Racing: Home side fear Rock and Europe's team of heroes

Breeders' Cup: Americans face another formidable overseas challenge for Saturday's global championship at Chicago's Arlington Park
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The Independent Online

It is, for the Americans, their racing Alamo and never before has Uncle Sam had to contend with such strong opposition from overseas. It seems appropriate then that when the 20th Breeders' Cup is held for the first time at Arlington Park on Saturday, it should be just outside the windy city of Chicago.

It is, for the Americans, their racing Alamo and never before has Uncle Sam had to contend with such strong opposition from overseas. It seems appropriate then that when the 20th Breeders' Cup is held for the first time at Arlington Park on Saturday, it should be just outside the windy city of Chicago.

The Americans love the Breeders' Cup, racing's annual autumn global championships. It gives them the opportunity to show how a major international sporting event should be conducted. It gives them the chance to whup anyone who tries to take them on in their own backyard.

For many years, from the east to the west coast tracks of Santa Anita and Hollywood Park, with industrial Louisville and holiday town Gulfstream Park in Florida along the way, the domestic forces held sway. Around 12 months ago, though, there was an incursion. The European forces cut a swathe at Belmont Park in New York.

That fall day there were victories for Banks Hill from France and Ireland's Johannesburg while Fantastic Light won his race for Godolphin and the same team's Sakhee all but beat the home hero Tiznow in the crowning spectacle, the Breeders' Cup Classic. It was a glorious day for the travellers.

The results also watered the idea that the Breeders' Cup series might one day have to move to Europe. "Frankly we think we were just plain fortunate last year with the event at Belmont Park and the extraordinarily high quality raiding party which went away with a lot of the gold and most of the hardware," D. G. Van Clief, the president of Breeders' Cup Ltd, told The Independent. "I admit that got us all thinking again about the pros and cons about the event going to Europe some day.

"This is an event which moves from venue to venue and we think that has been an important part of the appeal. We have resisted the argument that it should be stabilised in one venue. The Breeders' Cup is designed to promote racing as a sport and we think we can do a better job of that moving it from marketplace to marketplace. That leaves the door open for moving it further afield than has been our habit."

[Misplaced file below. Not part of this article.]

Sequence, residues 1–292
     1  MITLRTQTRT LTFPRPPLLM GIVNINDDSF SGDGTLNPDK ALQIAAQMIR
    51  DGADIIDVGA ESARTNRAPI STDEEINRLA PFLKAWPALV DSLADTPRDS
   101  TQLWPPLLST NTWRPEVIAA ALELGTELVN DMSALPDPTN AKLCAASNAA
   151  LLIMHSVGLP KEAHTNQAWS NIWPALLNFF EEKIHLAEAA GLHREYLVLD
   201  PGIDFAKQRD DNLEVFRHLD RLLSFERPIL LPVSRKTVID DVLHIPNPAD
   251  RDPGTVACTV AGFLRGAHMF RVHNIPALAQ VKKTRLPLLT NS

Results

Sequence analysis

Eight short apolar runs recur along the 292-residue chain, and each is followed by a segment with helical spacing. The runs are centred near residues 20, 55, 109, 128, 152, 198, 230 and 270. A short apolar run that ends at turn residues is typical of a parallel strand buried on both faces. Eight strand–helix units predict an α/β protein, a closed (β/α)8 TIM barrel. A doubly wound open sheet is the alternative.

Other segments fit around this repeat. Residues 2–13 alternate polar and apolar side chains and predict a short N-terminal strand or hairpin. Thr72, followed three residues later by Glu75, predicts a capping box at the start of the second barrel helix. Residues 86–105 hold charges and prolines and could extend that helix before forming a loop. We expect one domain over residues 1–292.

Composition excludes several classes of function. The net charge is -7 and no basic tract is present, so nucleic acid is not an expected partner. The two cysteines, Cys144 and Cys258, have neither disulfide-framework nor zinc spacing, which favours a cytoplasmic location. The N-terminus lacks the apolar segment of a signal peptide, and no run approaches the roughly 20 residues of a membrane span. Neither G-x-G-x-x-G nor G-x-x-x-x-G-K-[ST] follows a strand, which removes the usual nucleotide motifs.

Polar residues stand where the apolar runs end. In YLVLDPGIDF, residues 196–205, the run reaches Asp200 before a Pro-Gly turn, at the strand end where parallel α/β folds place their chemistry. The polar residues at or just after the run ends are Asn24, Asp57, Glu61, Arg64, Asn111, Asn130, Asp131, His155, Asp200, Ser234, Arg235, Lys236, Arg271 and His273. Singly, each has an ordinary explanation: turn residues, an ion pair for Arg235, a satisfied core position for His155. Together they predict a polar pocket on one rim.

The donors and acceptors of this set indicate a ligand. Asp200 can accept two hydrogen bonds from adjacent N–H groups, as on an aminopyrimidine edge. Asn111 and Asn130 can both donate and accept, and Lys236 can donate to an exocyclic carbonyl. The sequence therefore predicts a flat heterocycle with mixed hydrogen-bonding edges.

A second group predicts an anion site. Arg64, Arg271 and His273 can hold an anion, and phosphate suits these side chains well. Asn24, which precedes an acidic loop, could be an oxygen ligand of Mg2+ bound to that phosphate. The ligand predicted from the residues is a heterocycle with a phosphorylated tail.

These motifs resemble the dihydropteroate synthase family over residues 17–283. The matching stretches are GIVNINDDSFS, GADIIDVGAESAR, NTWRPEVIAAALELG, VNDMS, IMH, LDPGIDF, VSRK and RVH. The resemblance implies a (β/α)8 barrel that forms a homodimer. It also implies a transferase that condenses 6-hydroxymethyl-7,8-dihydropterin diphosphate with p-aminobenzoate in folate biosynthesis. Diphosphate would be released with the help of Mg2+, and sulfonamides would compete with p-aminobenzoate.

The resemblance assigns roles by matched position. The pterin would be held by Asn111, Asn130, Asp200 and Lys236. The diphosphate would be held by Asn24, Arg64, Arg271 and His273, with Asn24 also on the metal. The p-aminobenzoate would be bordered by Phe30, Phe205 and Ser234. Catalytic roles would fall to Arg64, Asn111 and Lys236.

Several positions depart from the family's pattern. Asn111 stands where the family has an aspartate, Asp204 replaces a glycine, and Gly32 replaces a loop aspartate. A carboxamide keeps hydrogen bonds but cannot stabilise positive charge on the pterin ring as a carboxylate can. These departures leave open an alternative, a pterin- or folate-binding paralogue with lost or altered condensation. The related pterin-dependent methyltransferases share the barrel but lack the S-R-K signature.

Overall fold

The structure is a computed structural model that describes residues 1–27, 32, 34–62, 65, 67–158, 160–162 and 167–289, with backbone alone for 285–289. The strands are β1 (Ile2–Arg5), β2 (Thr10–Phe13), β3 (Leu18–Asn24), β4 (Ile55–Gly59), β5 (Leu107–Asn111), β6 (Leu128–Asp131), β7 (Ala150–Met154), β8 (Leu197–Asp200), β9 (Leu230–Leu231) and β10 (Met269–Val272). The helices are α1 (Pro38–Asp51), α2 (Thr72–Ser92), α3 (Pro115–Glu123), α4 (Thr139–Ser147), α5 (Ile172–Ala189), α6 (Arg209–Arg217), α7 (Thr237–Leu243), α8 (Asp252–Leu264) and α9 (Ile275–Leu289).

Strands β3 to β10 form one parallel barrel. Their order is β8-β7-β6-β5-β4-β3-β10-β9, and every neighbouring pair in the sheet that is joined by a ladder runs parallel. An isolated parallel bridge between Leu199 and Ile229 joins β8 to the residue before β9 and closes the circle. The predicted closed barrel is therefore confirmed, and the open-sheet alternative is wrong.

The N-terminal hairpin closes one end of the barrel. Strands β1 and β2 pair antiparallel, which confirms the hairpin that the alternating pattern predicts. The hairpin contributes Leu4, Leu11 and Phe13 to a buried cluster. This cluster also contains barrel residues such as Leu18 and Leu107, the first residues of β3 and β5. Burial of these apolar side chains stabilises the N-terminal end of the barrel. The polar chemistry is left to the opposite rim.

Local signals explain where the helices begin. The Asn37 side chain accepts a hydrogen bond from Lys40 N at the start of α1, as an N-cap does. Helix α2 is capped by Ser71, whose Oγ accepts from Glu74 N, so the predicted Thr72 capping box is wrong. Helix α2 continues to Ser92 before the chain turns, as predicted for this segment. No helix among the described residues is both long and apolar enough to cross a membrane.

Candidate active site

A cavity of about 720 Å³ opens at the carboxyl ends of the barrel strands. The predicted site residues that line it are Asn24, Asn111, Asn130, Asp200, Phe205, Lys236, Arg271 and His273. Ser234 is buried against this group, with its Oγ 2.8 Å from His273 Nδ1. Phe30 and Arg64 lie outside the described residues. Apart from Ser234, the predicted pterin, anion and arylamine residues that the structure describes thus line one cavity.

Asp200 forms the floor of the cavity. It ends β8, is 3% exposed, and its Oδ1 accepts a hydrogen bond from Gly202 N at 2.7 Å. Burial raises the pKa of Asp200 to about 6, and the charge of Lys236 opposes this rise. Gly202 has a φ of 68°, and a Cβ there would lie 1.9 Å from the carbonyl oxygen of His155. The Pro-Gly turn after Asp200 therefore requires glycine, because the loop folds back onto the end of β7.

Further European success would introduce more tinder on this spark of an idea that the Breeders' Cup should move outside north America for the first time. Some fairly serious foreign flotsam will be washing up on the shores of Lake Michigan for Saturday's sports.

In the Turf event, Aidan O'Brien's High Chaparral looks fairly safe, and, even if he falls, there is Golan for Michael Stoute waiting to pick up the shield. Stoute's Islington is a potent force in the Filly & Mare Turf, while O'Brien's Hold That Tiger is second favourite for the Juvenile. Then we must consider the juggernaut that is Rock Of Gibraltar. We may find out this morning when the draw is made whether he will augment Ballydoyle's challenge in the Mile, in which Landseer is already a consideration, or the Classic, the early preserve of Hawk Wing.

O'Brien said yesterday: "We're not going to make up our minds on Rock Of Gibraltar until we have to. I want to monitor Hawk Wing to see if he's okay for the Classic. If he wasn't okay then Rock Of Gibraltar could go in the Classic instead."

It is a less a battery than the exportation of the National Grid and it is being sent to a track that knows how to accommodate European winners. In August of 1983 Pat Eddery and Luca Cumani's Tolomeo won the Arlington Million in the Chicago suburbs, holding on by a neck at 36-1 to deny the home favourite John Henry in what was then the world's richest race.

Two years later, the black with white cap colours of Lord Derby were successful wrapped around Tony Ives and above a behemoth gelding called Teleprompter. He finished three-quarters of a length in front of the favourite, Greinton, and, until Pebbles and the Breeders' Cup Turf came along, he was Britain's leading money earner. Arlington is a track where they recognise their heroes.

At the top of the paddock, immortalised in bronze, is a statue of Bill Shoemaker, riding old John Henry. He won the Million in 1981, regained it in 1984, beating Royal Heroine at the age of nine, before retiring with the prizemoney record to his name. "This is the toughest little dude I've ever seen," was Shoemaker's testament. Europe too will need its tough dudes if it is to continue the belief that, at long last, American racing is there for the taking. It may be symbolic that its challenge this Saturday is being led by the Rock.

* Today's Flat meeting at Newcastle was abandoned yesterday due to waterlogging.

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